3. Should also mention that qualitative can be converted to quantitative data through thematic analysis and coding. For the love of god make sure your qualitative questions are attached to descriptors, had to to explain this when looking through some survey responses for program evaluations.

    dedoose is pretty cheap and easy for mixed-methods approach.

  4. At Netflix, at least in marketing, we used both approaches. We used in-person qual to get directional feedback on concepts and competition and to make sure nothing was flat-out wrong. We also used cancel and member surveys. We used quant for a/b test everything under the sun (including the concepts researched during the in-person phase). The key to qual is to make sure you have a great moderator who understands how to ask the right questions and gets respondent to ladder or write the questions correctly so that you get maximum value from the feedback.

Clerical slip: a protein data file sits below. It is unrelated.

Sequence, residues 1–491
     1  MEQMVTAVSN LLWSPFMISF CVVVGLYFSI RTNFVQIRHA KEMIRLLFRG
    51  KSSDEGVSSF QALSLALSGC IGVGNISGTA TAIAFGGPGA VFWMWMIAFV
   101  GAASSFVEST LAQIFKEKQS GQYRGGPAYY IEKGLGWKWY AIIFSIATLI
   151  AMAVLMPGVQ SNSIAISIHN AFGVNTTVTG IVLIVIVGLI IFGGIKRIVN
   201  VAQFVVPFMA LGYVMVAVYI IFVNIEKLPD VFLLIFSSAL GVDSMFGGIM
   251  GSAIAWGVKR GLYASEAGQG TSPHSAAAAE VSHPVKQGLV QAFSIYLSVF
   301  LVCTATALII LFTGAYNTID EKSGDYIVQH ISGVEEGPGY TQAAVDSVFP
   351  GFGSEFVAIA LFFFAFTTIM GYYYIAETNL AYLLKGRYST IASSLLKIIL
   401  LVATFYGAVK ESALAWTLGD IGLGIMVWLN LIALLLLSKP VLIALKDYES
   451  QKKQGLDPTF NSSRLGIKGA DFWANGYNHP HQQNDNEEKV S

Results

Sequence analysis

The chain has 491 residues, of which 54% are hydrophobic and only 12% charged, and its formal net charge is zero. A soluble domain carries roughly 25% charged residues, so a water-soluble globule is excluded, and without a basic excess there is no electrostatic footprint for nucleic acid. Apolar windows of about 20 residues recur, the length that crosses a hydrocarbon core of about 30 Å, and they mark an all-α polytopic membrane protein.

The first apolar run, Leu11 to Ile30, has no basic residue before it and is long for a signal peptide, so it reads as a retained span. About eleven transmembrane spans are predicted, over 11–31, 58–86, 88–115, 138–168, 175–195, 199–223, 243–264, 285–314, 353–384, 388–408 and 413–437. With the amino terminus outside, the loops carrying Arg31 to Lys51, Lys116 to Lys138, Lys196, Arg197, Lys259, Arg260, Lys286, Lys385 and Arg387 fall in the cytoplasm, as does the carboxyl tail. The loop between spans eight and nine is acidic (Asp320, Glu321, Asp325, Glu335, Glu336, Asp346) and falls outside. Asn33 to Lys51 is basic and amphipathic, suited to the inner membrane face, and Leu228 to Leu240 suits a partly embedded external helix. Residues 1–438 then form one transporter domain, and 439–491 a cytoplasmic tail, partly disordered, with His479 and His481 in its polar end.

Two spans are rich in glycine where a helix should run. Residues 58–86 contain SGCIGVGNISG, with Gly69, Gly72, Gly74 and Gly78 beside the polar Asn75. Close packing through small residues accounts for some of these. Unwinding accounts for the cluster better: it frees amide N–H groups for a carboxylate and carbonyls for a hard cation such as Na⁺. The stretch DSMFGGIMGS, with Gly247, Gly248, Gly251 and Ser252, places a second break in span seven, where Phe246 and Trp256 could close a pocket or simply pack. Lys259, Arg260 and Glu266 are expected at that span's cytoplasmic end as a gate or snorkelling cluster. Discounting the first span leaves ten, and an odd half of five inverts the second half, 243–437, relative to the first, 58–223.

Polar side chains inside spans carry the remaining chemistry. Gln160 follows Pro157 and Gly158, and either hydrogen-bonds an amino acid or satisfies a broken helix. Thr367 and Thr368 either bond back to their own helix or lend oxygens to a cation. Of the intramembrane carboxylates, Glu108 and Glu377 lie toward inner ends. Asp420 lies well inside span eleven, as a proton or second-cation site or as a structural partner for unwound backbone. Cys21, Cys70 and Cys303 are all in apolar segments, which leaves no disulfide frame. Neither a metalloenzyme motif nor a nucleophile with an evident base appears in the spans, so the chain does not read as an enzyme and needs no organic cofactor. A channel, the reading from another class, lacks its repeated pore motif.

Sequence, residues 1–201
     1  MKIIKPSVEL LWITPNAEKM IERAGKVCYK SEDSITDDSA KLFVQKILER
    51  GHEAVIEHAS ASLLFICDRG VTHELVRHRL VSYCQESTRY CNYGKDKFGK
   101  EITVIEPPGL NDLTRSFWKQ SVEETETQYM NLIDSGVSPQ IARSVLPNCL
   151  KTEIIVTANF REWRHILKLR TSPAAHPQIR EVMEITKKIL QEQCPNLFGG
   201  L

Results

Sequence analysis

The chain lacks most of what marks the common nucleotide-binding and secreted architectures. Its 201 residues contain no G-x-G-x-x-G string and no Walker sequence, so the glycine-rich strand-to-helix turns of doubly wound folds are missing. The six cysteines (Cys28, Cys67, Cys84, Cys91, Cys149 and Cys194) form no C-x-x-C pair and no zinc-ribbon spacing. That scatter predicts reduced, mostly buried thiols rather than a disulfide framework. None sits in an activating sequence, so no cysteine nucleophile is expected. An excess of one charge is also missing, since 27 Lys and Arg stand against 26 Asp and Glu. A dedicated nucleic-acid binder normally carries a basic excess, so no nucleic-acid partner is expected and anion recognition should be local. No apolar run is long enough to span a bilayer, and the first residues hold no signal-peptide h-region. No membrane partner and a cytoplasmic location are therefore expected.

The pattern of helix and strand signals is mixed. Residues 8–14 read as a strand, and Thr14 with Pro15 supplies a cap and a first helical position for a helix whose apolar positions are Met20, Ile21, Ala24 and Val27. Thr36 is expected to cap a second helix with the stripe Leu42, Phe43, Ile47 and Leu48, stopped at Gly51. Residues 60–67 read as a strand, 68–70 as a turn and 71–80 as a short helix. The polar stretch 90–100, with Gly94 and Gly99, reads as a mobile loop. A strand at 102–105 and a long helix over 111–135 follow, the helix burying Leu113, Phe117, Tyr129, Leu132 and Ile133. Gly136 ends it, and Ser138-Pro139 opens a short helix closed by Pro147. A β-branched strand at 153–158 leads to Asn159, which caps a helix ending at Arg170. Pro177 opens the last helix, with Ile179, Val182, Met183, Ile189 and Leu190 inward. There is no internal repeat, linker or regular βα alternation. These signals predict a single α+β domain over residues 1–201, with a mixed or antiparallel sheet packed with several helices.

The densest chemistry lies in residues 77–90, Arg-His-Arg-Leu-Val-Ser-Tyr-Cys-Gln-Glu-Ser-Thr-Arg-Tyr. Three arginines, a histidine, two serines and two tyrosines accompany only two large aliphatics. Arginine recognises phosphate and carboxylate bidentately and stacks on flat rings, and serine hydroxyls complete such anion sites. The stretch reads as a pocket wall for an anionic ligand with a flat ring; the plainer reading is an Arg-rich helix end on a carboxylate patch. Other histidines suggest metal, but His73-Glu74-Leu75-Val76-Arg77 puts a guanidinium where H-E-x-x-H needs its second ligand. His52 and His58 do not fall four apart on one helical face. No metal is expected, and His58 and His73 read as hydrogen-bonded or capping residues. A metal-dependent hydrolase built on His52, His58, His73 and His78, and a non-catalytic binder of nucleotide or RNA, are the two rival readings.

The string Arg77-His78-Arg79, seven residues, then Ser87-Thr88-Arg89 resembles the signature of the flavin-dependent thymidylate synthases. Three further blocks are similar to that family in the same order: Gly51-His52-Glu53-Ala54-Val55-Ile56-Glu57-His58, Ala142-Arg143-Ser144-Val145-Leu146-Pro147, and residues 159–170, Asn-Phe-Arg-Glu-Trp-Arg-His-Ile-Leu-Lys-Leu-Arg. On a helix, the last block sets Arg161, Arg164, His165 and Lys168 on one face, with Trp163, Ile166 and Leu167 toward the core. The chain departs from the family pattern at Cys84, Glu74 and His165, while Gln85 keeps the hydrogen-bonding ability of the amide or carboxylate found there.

5. Great insight, My favorite qualitative research are usability studies and interviews. Largely because these are the areas I have the most experience with. . I have been a part of several surveys that were set up with open-ended questions in order to create themes, becoming qualitative data through quantitative methods. Thanks again for sharing!

  6. Great article! Another tool you might consider for qualitative analytics is Appsee (www.appsee.com). They provide user session recordings and touch heatmaps to show how users are interacting within the app.